The de facto principles governing the punishment of U.S. personnel guilty of prisoner abuse since 2002 now are clear: Torturing a foreign prisoner to death is excusable. Authoring and implementing policies of torture may lead to promotion. But being pictured in an Abu Ghraib photograph that leaks to the press is grounds for a heavy prison sentence. In addition to Mr. Graner, seven lowly guards appearing in photos, none of whom were involved in fatalities, have been sentenced to prison. But according to a well-documented new report by Human Rights First, only 12 of 98 deaths of detainees in U.S. custody have resulted in punishment of any kind for any U.S. official. In eight cases in which prisoners have been tortured to death, the steepest sentence meted out has been five months in jail.
This is true and widely acknowledged: the investigation into and the prosecution of war crimes must involve the entire chain of command. It is clear that the chain leads all the way to the office of the Secretary of Defense and the Justice Department. But war crimes occur in every war, the enterprise of killing human beings. And an immoral and illegal war leads necessarily to immoral and illegal acts of human depravity, such as what happened at Abu Ghraib prison and continues to occur at Guantanamo and the other US gulags around the world. The Washington Post has never fully acknowledged its role as one ot the most vocal and visible cheerleaders for the US invasion of Iraq. On the op/ed pages of the Washington Post in 2002 and early 2003 readers were told over and over again that "Saddam Hussein poses a grave danger" and must be toppled. Opponents of the war were painted as naive appeasers or even a traitorous "fifth column" (Andrew Sullivan). The change of heart exhibited by the Post in recent op/ed pieces - such as today's - are small consolation: the damage has been done. Already in March 2003 as the US prepared to drop its first bombs on Baghdad William Greider wrote in The Nation:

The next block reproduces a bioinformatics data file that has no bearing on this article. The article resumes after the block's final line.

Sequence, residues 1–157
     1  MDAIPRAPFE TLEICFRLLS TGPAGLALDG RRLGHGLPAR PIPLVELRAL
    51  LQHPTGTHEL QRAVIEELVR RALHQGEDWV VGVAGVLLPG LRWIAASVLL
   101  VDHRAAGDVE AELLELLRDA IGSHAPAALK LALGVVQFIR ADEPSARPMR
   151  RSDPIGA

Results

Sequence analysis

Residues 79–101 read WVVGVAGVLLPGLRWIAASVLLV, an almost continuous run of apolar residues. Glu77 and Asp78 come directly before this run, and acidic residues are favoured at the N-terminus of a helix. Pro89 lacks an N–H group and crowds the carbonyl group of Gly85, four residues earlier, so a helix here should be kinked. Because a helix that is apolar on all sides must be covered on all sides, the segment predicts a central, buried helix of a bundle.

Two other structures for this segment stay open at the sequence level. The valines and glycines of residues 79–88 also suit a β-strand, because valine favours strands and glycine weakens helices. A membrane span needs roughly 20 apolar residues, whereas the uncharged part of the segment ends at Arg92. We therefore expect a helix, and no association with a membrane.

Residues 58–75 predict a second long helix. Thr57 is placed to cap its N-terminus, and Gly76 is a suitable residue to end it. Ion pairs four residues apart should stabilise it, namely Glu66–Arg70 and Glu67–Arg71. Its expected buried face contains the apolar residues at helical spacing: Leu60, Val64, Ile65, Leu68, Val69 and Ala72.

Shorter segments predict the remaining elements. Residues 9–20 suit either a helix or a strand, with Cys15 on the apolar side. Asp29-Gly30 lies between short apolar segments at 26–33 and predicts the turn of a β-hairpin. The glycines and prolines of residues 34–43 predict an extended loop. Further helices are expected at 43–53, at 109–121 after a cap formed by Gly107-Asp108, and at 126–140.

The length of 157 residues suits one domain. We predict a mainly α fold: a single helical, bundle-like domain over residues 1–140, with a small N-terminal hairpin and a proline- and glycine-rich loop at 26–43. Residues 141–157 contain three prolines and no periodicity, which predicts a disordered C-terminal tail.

It's too late for nuanced evasions, too late for the Post to reposition its divisions to the rear. It sold this war, and now if America becomes the author of massive violence in a war of choice, not necessity, the Post will be implicated in the bloody consequences.
The Washington Post's outrage concerning the Human Rights First report is also hypocritical, since on a regular basis they print columns by the pundit Charles Krauthammer. Krauthammer is perhaps the best-known apologist for torture among the Washington neocons. In his WaPo columns he calls for military actions against Iran, and demonizes Islam. His hatred of Muslims can only be characterized as racist (anti-Muslim racism is perfectly acceptable in the US mainstream media). So yes, the Washington Post is correct in criticizing the war crimes and lack of accountability by the Bush administration, but until it acknowledges its own - ongoing - complicity it is not a credible voice of moral clarity.